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From aaron morton <>
Subject Re: Trying to write when at cassandra capacity
Date Wed, 10 Jul 2013 23:56:22 GMT
> It hits an OOM.
To add a little more colour because I stepped through this with someone the other day.

When memtables are not removed from the memtable flush queue (because they have not been written)
the queue will fill up. When this happens the flush process will block trying to fill the
queue, and will hold the internal switch lock used to syncronise around the commit log. This
will prevent write threads from progressing. All the while writes will continue to be delivered
to the node and the Mutation thread pool queue will fill. 

All of this results in extreme memory pressure, the JVM will spend a lot of time running GC
to try and free some space. While all the GC is going on chances are the other nodes will
see the failing node ad flapping as it fails to keep up with gossip. None of this will work
and eventually the JVM will raise an OOM error that is normally trapped and results in the
node trying to shut down. During the shutdown process it will try to disable the rpc / native
transports and gossip.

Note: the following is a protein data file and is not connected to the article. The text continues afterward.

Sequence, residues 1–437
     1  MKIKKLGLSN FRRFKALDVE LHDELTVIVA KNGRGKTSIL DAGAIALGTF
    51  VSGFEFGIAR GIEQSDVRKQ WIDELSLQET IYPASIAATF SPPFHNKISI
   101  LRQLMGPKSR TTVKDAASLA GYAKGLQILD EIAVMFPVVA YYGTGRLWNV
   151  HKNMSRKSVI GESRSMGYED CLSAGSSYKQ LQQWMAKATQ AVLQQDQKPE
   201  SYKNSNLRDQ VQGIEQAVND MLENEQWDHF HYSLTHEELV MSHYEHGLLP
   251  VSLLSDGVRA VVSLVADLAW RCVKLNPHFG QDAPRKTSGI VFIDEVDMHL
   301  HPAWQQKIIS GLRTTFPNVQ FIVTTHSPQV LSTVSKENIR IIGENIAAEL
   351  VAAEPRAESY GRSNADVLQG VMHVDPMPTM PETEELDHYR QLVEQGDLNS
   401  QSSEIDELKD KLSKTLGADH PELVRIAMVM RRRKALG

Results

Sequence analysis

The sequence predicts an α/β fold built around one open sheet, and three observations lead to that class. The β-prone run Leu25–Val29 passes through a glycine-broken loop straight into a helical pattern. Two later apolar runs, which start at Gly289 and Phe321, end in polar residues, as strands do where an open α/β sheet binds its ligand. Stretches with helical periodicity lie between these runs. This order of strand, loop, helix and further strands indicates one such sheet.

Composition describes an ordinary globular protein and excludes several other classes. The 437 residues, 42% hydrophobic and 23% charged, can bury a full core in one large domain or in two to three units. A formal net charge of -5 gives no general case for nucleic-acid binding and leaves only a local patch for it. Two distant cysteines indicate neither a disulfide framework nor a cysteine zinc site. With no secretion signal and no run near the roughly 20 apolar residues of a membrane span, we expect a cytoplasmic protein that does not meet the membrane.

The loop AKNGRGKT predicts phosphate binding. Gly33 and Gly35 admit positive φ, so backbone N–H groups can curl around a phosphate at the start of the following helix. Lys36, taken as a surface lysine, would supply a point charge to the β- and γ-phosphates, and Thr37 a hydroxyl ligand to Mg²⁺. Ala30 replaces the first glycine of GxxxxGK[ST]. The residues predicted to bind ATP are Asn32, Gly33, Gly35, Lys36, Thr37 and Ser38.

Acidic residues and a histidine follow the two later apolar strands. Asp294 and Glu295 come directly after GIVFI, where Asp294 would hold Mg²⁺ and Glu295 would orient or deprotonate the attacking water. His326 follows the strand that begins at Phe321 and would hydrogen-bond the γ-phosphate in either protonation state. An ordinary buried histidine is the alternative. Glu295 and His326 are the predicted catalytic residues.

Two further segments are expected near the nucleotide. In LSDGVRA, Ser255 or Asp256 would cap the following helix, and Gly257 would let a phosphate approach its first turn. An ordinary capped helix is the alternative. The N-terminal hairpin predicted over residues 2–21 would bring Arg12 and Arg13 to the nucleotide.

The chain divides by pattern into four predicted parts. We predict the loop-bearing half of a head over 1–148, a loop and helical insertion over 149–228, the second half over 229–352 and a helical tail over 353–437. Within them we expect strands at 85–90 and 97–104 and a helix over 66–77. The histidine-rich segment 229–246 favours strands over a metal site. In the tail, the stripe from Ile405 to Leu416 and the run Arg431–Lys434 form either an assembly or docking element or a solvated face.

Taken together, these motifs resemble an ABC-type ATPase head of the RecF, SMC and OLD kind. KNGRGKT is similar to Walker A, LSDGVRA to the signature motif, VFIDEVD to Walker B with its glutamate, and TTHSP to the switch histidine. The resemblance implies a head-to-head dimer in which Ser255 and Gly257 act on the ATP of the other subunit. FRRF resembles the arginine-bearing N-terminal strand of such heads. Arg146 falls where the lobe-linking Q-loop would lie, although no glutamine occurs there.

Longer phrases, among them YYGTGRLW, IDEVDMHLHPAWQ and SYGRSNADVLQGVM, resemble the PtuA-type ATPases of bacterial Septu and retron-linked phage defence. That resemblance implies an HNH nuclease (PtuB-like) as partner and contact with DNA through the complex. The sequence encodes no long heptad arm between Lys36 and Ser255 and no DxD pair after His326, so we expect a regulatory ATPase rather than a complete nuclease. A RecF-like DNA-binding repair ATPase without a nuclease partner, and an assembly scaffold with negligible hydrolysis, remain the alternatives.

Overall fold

It's a simple thing to test and a useful example to walk through (by looking at the logs)
with an Ops team if they are just starting out. 

Aaron Morton
Freelance Cassandra Consultant
New Zealand


On 10/07/2013, at 5:36 AM, Robert Coli <> wrote:

> On Mon, Jul 8, 2013 at 5:58 PM, Faraaz Sareshwala <> wrote:
> What does cassandra do when it is at its data capacity (disk drives and memtable
> is full) and writes continue to pour in? My intuition says that cassandra won't
> be able to handle the new writes (they will either get silently dropped or
> cassandra will hit an OOM -- does anyone know which one?). The sstables on disk
> won't magically disappear so cassandra won't be able to service the write
> requests.
> It hits an OOM.
> =Rob

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